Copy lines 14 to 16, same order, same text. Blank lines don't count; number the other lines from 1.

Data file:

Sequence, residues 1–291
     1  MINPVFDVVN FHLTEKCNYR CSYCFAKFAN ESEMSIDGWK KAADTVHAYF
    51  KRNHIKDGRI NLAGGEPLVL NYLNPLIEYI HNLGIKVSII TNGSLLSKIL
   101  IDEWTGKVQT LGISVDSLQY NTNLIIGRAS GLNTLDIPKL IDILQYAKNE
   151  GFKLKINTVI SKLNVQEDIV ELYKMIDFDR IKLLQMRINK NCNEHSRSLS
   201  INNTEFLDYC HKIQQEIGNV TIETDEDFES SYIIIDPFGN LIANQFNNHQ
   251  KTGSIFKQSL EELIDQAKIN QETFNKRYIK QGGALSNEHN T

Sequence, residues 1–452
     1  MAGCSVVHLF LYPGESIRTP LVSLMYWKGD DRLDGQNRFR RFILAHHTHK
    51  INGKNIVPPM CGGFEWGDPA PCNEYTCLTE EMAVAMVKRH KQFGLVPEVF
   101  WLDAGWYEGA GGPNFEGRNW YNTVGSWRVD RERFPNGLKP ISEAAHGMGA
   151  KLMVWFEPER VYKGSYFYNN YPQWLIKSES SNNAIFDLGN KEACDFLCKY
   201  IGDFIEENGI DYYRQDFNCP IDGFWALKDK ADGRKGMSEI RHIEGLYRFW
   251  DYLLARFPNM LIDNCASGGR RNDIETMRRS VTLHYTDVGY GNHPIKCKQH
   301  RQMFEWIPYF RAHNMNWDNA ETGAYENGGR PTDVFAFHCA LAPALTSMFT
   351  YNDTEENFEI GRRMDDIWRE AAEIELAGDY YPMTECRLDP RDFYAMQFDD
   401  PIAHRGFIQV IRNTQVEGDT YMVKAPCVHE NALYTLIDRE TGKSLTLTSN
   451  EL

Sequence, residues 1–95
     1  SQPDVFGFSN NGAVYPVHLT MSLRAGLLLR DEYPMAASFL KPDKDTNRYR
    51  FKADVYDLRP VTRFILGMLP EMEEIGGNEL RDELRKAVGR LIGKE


   251  DYLLARFPNM LIDNCASGGR RNDIETMRRS VTLHYTDVGY GNHPIKCKQH
   301  RQMFEWIPYF RAHNMNWDNA ETGAYENGGR PTDVFAFHCA LAPALTSMFT
   351  YNDTEENFEI GRRMDDIWRE AAEIELAGDY YPMTECRLDP RDFYAMQFDD